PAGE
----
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Bis-phenol A, also known as BPA, is one of the world's most common industrial chemicals. It is used to make plastics that are clear and tough. It is also used to make epoxy resins, a kind of glue that appears in almost all food and beverage containers. BPA is used to make PVC pipe, dental glues, sports equipment, and the lenses used in eyeglasses. Worldwide, chemical plants make about 1.1 millions tons of BPA every year for use in making plastics.
In the United States, just about everyone has been exposed to enough BPA that it spills over into their urine. A study by the CDC found that 95% of adults in the 1990's, and 93% of children and adults in 2004, had consumed enough BPA that it was found in their urine. People who eat lots of fresh fruits and vegetables tend to have lower levels of BPA (probably because they aren't using as many cans and microwave containers that contain BPA) than people who eat mostly prepared foods.
What's the Problem with BPA?
Scientists conducting studies with lab rats noticed that BPA has some of the same effects in the human body as estrogen as early as the 1930's. The chemical was not widely used, however, until the late 1950's, and by that time, these studies had been forgotten. Only in 1997 did scientists establish that BPA acts as a xenoestrogen, a source of estrogen from outside the body. It has a molecular configuration that is very similar to 17-beta-estradiol, and it "locks on" to some of the same receptor sites on the surfaces of cells as estradiol.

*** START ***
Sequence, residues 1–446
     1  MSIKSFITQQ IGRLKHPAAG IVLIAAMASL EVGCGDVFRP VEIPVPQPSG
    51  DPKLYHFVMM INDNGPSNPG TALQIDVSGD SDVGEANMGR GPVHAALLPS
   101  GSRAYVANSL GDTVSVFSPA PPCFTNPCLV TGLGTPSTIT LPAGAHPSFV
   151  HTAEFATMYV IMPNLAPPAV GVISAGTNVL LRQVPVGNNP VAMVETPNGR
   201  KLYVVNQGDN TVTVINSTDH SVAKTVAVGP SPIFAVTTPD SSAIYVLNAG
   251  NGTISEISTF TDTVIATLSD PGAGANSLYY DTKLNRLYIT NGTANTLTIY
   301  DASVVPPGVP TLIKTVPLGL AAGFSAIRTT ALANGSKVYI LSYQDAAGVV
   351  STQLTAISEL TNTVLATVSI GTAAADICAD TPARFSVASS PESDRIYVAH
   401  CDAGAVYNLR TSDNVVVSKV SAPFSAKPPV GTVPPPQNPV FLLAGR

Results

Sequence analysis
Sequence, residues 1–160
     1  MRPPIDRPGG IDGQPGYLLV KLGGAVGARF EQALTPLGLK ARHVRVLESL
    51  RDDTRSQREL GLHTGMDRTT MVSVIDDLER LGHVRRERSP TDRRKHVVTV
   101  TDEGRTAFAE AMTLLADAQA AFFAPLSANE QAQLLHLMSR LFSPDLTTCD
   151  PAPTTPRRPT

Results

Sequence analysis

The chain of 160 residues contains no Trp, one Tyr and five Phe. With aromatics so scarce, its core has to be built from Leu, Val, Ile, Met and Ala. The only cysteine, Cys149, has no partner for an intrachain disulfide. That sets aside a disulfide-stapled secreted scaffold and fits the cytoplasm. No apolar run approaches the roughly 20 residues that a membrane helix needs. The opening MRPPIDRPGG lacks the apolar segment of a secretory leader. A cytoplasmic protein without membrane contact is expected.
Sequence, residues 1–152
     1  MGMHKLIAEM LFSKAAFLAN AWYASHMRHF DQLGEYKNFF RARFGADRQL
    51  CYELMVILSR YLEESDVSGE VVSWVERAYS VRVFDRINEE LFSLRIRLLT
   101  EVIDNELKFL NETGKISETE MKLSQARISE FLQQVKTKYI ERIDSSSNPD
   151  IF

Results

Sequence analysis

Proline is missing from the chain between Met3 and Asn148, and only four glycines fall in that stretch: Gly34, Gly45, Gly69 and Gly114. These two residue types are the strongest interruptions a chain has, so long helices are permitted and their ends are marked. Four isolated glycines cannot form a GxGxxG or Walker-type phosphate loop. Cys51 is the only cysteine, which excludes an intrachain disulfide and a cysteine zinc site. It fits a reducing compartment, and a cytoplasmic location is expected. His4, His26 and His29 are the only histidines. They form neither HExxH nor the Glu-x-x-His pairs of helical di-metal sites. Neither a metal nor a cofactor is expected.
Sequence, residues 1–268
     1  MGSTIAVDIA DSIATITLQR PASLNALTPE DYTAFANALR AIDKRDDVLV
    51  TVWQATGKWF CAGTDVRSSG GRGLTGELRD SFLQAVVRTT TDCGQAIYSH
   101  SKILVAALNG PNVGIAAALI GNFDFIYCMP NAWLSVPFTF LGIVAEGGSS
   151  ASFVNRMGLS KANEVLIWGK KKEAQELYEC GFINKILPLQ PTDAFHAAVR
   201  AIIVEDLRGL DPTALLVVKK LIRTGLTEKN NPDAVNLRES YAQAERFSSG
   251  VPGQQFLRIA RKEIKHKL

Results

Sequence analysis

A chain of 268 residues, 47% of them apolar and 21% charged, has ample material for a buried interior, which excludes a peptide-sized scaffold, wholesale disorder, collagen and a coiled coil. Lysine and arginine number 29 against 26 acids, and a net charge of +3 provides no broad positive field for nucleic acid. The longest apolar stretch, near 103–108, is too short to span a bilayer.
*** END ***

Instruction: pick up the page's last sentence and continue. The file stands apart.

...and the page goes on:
It temporarily increases the production of testosterone, but a man's body converts the excess testosterone into estrogen in his fat cells. The greater a man's fat mass, the greater his production of estrogen, with its feminizing characteristics. Making matters worse, estrogen encourages the growth of fat, especially in the buttocks, which are 10 times more efficient at converting testosterone into estrogen than fat in other parts of a man's body. Still worse, the surge in estrogen increases appetite.
BPA Causes Us to Eat Too Much
BPA, like 17-beta-estradiol, suppresses circuits in the brain that regulate appetite. When BPA locks onto certain receptor sites in the brain, we want to eat, and eat, and eat. If we want to eat chips and crisps, which are sealed into plastic bags with BPA, and drink sugar-sweetened beverages, which are sealed into cans with BPA, and microwaveable meals, which are sealed with clear plastic made with BPA, the act of eating indirectly increases our appetite.
BPA is disruptive for adults seeking to maintain a healthy weight, but recent research from the University of Michigan suggests that it may be even more disruptive for infants who are exposed to the chemical before birth. The reason BPA is especially toxic to the fetus is not especially hard to understand.